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A Better Partnership
June 15, 2016

COA: No premises liability unless defendant has possession and control of the property

The Michigan Court of Appeals held that an individual may not recover from a defendant who does not owe a legal duty in Morelli v Madison Heights, Docket No. 326621.  The Court affirmed the decision in Morrow v Boldt, 203 Mich App 324, 328; 512 NW2d 83 (1994), that a plaintiff may only receive damages from a defendant for injuries from conditions of land if that defendant has legal possession and control of the premises.
In August 2012, Kimberly Morelli injured her foot on the grassy strip between the road and sidewalk in front of the home of Donald East, co-defendant with the City of Madison Heights.  A local ordinance provides that the berm area in which Morelli fell is part of a public right-of-way.  While Madison Heights delegates responsibility to maintain the grass on the berm to the homeowner, Madison Heights retains an easement over the public right-of-way.  Accordingly, the Court concluded that Madison Heights, the owner of the easement, had the legal duty to maintain the public right-of-way in a safe condition.  As in Morrow, that East regularly mowed the grass pursuant to a second ordinance did not render him liable for Morelli’s injuries. The Court of Appeals concluded that East did not owe Morelli a legal duty to fill in the hole in the berm.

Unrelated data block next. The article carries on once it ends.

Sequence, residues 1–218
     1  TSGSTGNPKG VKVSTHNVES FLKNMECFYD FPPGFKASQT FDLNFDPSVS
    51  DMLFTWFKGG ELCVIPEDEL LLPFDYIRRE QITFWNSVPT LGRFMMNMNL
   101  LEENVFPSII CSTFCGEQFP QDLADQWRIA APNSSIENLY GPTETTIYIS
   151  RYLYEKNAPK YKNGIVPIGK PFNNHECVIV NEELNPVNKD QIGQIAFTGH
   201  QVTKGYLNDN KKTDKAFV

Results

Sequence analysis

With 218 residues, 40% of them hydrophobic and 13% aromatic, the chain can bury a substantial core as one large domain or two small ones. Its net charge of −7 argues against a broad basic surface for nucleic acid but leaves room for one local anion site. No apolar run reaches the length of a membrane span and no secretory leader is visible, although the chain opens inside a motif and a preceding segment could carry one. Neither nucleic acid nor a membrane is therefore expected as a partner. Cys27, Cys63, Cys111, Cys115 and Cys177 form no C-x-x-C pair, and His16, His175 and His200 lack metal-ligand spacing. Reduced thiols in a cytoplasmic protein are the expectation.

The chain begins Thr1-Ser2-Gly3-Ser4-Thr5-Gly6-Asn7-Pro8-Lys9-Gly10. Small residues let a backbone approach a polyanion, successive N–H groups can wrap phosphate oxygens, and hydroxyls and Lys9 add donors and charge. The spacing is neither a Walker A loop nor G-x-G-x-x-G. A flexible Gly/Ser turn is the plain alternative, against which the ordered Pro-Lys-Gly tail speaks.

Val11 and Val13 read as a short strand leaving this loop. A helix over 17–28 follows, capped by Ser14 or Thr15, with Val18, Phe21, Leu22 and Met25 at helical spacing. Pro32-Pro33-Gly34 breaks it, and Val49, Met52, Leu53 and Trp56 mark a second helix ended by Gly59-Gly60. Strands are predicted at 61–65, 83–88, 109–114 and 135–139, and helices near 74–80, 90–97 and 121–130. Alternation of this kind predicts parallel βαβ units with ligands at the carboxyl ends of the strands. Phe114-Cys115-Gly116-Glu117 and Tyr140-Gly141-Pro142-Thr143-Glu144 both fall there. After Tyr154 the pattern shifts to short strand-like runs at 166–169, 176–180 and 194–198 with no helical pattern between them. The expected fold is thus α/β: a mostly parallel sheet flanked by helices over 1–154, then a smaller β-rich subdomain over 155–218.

The Court also rejected Morelli’s claim that East should be held liable for negligently altering the state of the right-of-way.  Any mowing that East did around the hole did not make the hazard itself different.
The Court of Appeals ordered entry of summary disposition in favor of East. 

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